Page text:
13. 13. Models and Modeling • Models :- Conceptual views of system’s functionality ; A set of functional objects and • One of the keys to a GOOD hardware/software Codesign process is a unified representation the allows the functionality of the system (at various levels of abstraction) to be specified in a manner that is “unbiased” towards either a hardware or software implementation. • Unified Representation – – A representation of a system that can be used to describe its functionality independent of its implementation in hardware or software – Allows hardware/software partitioning to be delayed until trade-offs can be made – Typically used at a high-level in the design process • Provides a simulation environment after partitioning is done, for both hardware and software designers to use to communicate • Supports cross-fertilization between hardware and software domains rules for composing these objects
  14. 14. Models And Modeling • Models are used for design representation • Design representation can be of three types - Behavioral - Physical - Structural • There are various methods of Designing ES namely - Capture and Simulate : Schematic capture , simulation - Describe and Synthesis : HDL , Behavioral and Logic synthesis - Specify-Explore-Rene : Executable specification and other formal methods….
  15. 15. Models • State Oriented Models :- FSM : Melay and Moore models - Petri Nets - Hierarchical Concurrent FSM ( HCFSM ) • Activity Oriented Models :- Data Flow Graph ( DFG ) - Flow Chart / Control Flow Graph ( CFG ) • Structure Oriented Models :- Components Connectivity Diagrams - RT net lists, Gate net lists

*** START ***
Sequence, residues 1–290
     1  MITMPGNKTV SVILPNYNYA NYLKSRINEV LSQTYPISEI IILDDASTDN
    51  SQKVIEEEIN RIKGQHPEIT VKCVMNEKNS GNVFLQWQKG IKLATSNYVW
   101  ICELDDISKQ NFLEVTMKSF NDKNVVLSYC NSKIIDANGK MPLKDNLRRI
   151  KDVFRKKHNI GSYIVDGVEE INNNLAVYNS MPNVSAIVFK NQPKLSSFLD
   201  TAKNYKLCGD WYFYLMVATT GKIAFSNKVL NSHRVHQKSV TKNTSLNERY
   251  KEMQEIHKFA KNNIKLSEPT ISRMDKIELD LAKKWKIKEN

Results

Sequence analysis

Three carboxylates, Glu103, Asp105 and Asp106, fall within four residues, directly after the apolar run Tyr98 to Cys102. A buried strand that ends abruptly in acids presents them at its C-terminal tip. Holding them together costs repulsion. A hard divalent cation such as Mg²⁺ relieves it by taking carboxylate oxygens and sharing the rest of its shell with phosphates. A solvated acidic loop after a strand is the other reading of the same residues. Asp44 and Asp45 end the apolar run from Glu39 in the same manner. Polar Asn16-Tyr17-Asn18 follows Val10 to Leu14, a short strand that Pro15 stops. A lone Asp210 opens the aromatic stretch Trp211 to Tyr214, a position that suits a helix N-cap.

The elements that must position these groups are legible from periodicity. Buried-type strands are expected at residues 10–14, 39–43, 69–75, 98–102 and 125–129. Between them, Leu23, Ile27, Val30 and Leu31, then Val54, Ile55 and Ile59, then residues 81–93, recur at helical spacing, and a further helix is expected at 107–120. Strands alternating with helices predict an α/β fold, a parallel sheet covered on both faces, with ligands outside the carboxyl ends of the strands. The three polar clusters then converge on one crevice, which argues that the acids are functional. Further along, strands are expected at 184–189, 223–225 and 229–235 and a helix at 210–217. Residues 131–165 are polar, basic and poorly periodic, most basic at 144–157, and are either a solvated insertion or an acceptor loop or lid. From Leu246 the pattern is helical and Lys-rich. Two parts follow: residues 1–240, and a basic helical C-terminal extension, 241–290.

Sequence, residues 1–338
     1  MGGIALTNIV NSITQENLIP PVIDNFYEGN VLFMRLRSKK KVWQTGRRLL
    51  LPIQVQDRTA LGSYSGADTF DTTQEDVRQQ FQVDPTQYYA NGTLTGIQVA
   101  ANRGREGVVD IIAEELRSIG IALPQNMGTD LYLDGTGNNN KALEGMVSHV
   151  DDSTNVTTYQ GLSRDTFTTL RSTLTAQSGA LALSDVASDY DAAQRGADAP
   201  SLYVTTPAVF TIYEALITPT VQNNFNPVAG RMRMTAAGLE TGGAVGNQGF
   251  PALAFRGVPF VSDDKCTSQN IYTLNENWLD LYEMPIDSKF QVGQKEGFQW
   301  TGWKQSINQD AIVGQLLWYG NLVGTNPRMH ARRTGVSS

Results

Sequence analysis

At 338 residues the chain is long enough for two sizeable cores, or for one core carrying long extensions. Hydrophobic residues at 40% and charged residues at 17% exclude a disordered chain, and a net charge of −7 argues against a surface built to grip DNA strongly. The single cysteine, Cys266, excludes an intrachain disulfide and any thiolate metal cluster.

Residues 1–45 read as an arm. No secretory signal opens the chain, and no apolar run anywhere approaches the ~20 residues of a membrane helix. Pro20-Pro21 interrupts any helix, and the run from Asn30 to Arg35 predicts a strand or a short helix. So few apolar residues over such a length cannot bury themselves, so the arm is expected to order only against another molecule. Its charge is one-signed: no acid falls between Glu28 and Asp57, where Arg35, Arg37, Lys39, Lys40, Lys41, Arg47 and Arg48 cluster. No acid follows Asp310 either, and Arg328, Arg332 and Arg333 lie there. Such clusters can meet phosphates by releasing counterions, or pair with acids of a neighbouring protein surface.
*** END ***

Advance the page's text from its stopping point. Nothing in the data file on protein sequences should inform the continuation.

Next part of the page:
16. 16. Models • Data Oriented Models :- Entry Relationship diagram - Jackson’s Diagram • Heterogeneous Models :- Control / Data Flow Graph - Structure Chart - Programming Languages : C, C++, Java, Verilog, VHDL, Esterel, SDL (Speciation and Description Language), CSP (Communicating Sequential Process), SpecCharts, StateCharts etc... - Object Oriented Paradigm - Program state Machine - Queuing model - Process Networks : Kahn’s Process Network - Communicating Sequential Processes ( CSP ) - Synchronous Data Flow model ( SDF )
  17. 17. Models • N numbers of Models for design representation !!! Now question is which • • • • model to choose ??? DSP apps uses Data flow Models Control Intensive apps FSM Models Similarly Event driven apps uses Reactive Models Finally the choice of models largely depends on personal tastes, Application Domains, Availability of software and tools etc....